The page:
Longer term accommodation on Koh Tao – 2019 update

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Longer term accommodation on Koh Tao – 2019 update

Koh Tao is a well-known tourist destination, so of course offers a myriad of fantastic accommodation options that are extremely well-priced compared to an equivalent style of room or hotel in other locations around the world. But how does it work if you want to stay here longer term? If you are coming for professional dive training, you will be looking for an option for at least a couple of months. As glamourous as it seems to get to stay in a hotel for an extended period of time, the excitement can quickly lose its appeal. If you have ever had a job that requires a lot of travel, or had to stay away from home and in a hotel for a longer period of time you’ll understand what we mean. Sometimes you just need a couple of home comforts in your home away from home.

Finding long-term accommodation on Koh Tao

The great news is that not only is Koh Tao a short term holidaymaker destination, but it’s also somewhere that people come to stay longer term. A lot of this population is made up of people just like you coming for Professional level diver training. Additionally, Koh Tao attracts a large number of digital nomads – who, if they had the choice on work location WOULDN’T pick a gorgeous tropical island as their base if they could?! Not to mention all of the ex-pats who are effectively living here on a permanent basis – the large numbers of Dive Instructors and all the other ex-pats who have made their life working on Koh Tao.

A lot of bungalows on Koh Tao come with a sea view included!

Therefore aside from the nightly accommodation options, there is a buoyant market for great value longer term accommodation options. Having your place longer term not only helps with making you feel more relaxed, but it will also help save you money.

The budget

If we make a simple cost comparison at the budget end of the market, a simple fan bungalow or room with en-suite bathroom will cost you 500-600 THB per night. Over the course of a month this works out at 15,000-18,000 THB. If you were to rent a similar place up front for a whole month, you can pay as little as 7,000 THB plus bills. True your monthly rental may not be directly on the beach, but it could be as little as 2 minutes’ walk away. At the top end of the market, if your timing is right, you can find pool villas that cost 5,000-7,000 THB per night available for a monthly rate of around 40,000 THB per month – less than 1/5 of the nightly rate.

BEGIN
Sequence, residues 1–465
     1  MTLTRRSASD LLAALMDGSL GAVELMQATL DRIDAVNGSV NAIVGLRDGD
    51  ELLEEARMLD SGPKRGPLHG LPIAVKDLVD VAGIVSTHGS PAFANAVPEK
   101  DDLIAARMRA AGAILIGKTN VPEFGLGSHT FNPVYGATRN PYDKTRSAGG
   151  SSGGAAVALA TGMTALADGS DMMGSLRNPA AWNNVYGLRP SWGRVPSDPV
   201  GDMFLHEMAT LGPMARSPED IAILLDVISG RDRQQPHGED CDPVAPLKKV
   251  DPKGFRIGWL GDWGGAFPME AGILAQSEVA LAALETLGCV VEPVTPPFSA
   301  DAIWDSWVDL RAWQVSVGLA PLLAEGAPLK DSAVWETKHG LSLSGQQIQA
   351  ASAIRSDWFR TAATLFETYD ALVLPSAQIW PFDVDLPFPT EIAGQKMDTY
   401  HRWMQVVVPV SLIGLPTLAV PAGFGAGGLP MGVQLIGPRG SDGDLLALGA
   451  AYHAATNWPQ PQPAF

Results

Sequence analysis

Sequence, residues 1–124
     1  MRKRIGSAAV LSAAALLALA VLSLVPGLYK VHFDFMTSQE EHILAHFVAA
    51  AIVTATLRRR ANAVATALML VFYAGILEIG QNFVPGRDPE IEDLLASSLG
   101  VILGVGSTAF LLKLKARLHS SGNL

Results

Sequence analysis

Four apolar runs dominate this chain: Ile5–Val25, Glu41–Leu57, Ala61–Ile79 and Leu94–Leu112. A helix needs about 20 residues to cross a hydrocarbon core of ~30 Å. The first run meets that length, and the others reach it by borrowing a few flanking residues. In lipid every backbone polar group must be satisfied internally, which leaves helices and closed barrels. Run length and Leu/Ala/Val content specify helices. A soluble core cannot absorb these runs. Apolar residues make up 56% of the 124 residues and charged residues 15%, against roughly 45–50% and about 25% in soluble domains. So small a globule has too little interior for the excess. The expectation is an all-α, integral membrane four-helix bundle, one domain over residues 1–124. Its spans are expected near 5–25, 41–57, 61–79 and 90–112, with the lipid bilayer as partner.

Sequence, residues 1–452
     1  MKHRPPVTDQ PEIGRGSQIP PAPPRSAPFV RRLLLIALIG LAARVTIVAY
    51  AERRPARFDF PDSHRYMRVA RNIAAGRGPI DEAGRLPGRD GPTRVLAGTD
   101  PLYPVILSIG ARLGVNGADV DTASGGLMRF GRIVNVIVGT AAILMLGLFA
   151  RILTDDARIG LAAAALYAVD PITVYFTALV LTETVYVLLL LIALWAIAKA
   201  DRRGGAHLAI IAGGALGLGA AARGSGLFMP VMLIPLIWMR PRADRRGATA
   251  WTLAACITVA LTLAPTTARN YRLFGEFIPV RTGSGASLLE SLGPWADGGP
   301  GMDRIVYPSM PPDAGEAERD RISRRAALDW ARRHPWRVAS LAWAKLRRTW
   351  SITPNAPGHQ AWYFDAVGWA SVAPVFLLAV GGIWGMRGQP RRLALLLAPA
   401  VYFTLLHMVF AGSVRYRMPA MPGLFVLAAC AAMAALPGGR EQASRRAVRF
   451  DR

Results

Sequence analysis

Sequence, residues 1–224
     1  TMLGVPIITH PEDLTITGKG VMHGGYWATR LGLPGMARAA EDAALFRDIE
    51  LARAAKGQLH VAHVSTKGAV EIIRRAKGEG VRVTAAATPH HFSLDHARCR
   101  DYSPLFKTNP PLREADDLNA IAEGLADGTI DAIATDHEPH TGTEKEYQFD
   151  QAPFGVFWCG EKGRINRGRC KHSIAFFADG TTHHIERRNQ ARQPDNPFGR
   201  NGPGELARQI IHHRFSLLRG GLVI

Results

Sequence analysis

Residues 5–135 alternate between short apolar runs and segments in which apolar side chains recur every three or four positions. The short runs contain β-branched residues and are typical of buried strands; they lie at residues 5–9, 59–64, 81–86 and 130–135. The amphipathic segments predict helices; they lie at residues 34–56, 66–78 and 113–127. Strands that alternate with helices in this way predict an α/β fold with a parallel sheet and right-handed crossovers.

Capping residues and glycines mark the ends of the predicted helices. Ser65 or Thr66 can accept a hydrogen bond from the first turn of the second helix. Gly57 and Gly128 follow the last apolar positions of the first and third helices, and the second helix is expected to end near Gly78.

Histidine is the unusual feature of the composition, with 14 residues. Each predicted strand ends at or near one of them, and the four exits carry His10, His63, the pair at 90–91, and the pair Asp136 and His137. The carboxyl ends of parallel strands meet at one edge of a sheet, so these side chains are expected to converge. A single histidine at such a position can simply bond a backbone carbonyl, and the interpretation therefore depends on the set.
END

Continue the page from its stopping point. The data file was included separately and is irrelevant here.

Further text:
So how do you find these awesome deals? Koh Tao is a transient island, and therefore turnover of property is pretty rapid. You really need to be here to take advantage of the best deals. It’s very rare that longer term accommodation gets reserved from home prior to arrival. Any that does, tends to attract a premium since it is often through an agent rather than directly with the landlord. The other reason not to book from home is that you don’t really have the chance to scout out the local area. If you have not been to Koh Tao before, you might not realise the gorgeous bungalow with the panoramic sea view that you booked from home is in fact a 1 hour walk from where you wanted to be and up a steep hill where the road is not surfaced and you don’t plan to / can’t ride a bike.

What to do in advance

Your first point of action is to book a place for your first couple of nights. If you have a long journey and possibly some jetlag, having somewhere lined up to crash when you get here is reassuring. At Master Divers, we are happy to help with this. We can easily book somewhere for your first nights and we can use some of your diving deposit to secure it so you don’t have to worry about the hassle of additional bookings.

Customer service Master Divers style!

Believe us, 2 days is more than enough time to secure something longer term since your research actually can start before you get to Koh Tao. At the time of publication, there were several Facebook groups that list available property that are worth to join ahead of your visit:

This way you can keep an eye on the market, get a good feel of what is available, and research what you can get for your budget. This means that when you do come to look at options in the flesh, you can already know if the place you are looking at offers a good deal or not.

What to do when you are here